Control: The power to govern the financial and operating policies of an enterprise so as to obtain benefits from its activities. If one enterprise controls another, the controlling enterprise is called the parent and the controlled enterprise is called the subsidiary.
Distinguishing between acquisitions and unitings of interests
Under IAS 22, "virtually all" business combinations are acquisitions. [IAS 22.10]
Indications of an acquisition are: [IAS 22.10]
  • One enterprise acquires more than one half of the voting rights of the other combining enterprise.
  • One enterprise has the power over more than one half of the voting rights of the other enterprise as a result of an agreement with other investors.
  • One enterprise has the power to govern the financial and operating policies of the other enterprise as a result of a statute.
  • One enterprise has the power to appoint or remove the majority of the members of the board of directors or equivalent governing body of the other enterprise.
  • One enterprise has power to cast the majority of votes at meetings of the board of directors of the other enterprise.
SIC 9 explains that the overriding criterion to distinguish an acquisition from a uniting of interests is whether an acquirer can be identified, that is to day, whether the shareholders of one of the combining enterprises obtain control over the combined enterprise.
In an acquisition, therefore, the acquiring company must be identified. Usually, that is evident. If it is not evident, IAS 22.11 provides some guidance:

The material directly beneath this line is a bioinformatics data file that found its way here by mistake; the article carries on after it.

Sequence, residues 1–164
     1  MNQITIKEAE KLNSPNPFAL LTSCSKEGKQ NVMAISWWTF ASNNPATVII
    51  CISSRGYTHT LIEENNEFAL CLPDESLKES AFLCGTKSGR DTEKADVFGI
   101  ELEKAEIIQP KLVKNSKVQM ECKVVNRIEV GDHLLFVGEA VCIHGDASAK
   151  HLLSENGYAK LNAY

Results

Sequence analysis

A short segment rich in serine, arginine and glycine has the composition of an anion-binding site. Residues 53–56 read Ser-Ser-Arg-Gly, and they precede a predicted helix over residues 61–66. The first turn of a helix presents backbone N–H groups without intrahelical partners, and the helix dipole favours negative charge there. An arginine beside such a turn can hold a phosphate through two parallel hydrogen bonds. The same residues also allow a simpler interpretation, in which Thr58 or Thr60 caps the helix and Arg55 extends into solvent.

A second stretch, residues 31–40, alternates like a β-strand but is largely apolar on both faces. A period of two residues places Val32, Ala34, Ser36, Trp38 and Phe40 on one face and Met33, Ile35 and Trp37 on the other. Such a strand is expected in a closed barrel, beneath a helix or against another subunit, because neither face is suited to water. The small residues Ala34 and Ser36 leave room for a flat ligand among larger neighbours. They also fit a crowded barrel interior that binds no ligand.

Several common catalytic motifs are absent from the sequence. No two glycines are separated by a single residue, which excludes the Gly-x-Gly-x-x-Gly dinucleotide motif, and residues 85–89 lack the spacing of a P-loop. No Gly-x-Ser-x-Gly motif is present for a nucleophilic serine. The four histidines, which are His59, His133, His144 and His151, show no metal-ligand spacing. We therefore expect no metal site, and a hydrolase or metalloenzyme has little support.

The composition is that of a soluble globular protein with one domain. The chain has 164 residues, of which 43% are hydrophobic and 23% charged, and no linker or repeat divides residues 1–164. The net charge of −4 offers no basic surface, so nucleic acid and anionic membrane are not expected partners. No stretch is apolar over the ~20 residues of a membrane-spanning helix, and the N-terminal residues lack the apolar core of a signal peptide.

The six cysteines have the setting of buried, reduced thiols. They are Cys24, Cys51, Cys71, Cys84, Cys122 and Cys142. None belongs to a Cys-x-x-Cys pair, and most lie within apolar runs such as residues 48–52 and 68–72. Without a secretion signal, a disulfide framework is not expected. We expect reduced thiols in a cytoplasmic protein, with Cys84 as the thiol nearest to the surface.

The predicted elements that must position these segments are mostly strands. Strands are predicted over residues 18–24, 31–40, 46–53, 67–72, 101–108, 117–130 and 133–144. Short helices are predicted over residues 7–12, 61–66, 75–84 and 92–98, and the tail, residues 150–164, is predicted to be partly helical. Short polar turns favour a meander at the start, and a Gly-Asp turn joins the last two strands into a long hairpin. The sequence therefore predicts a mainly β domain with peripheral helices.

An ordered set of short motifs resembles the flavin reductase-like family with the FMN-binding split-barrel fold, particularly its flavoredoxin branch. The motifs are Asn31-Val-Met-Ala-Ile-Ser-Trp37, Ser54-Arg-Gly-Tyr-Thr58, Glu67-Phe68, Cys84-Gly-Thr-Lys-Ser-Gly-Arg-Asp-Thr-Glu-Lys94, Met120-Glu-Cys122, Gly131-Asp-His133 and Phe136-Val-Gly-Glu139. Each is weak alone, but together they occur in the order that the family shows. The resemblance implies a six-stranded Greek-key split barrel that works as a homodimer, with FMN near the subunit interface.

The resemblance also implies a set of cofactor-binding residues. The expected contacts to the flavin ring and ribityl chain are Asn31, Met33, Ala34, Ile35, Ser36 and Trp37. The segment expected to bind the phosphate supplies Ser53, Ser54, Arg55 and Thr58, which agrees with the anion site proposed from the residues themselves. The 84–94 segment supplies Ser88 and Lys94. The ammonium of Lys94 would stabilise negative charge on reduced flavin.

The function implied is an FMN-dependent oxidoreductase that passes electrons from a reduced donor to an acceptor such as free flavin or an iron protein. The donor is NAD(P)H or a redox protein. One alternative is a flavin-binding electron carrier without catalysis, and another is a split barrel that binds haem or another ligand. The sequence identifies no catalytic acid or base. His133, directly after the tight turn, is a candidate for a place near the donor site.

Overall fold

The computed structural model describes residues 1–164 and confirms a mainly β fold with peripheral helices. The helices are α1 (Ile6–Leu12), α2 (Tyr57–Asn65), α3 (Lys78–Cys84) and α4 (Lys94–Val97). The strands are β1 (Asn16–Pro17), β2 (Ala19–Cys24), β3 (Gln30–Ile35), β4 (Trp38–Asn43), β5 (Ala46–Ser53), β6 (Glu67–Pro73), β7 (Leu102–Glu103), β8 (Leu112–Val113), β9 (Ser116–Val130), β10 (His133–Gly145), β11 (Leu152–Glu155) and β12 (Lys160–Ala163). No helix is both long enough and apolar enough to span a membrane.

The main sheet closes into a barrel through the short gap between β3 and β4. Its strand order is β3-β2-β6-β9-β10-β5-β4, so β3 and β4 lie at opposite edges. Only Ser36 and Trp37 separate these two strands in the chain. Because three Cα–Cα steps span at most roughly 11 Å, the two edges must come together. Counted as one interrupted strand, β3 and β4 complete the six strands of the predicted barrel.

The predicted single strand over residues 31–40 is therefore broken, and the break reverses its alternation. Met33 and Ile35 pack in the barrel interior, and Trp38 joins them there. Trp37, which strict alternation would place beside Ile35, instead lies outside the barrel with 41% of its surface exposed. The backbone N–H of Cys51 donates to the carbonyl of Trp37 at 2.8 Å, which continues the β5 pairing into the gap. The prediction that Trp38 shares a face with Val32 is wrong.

• The fair value of one of the combining enterprises is significantly more than that of the other.
  • In an exchange of voting common shares for cash, the enterprise paying the cash is the acquirer.
  • After the business combination, the management of one enterprise dominates the selection of the management team of the combined enterprise.
Indications of a uniting of interests are: [IAS 22.13]
  • An acquirer cannot be identified.
  • The shareholders of both combining enterprises share control over the combined enterprise substantially equally.
  • The managements of both of the combining enterprises share in the management of the combined entity.
A business combination should be classified as an acquisition unless the all of the following three characteristics are present. Even if all three are present, the combination should be presented as a uniting of interests only if the enterprise can demonstrate that an acquirer cannot be identified. [IAS 22.15]
  • The substantial majority of the voting common shares of the combining enterprises are exchanged or pooled.
  • The fair value of one enterprise is not significantly different from that of the other enterprise.
  • Shareholders of each enterprise maintain substantially the same voting rights and interests in the combined entity, relative to each other, after the combination as before.
The following suggest that a business combination is not a uniting of interests: [IAS 22.16]
  • Financial arrangements provide a relative advantage to one group of shareholders.
  • One party's share of the equity in the combined entity depends on the performance, subsequent to the business combination, of the business which it previously controlled.
Unitings of interests – accounting procedures
A uniting of interests should be accounted for using the pooling of interests method. [IAS 22.77] Under this method:
  • Financial statement items of uniting entities should be combined, in both the current and prior periods, as if they had been united from the beginning of the earliest period presented. [IAS 22.78]
  • Any difference between the amount recorded as share capital issued plus any additional consideration in the form of cash or other assets and the amount recorded for the share capital acquired should be adjusted against equity. [IAS 22.79]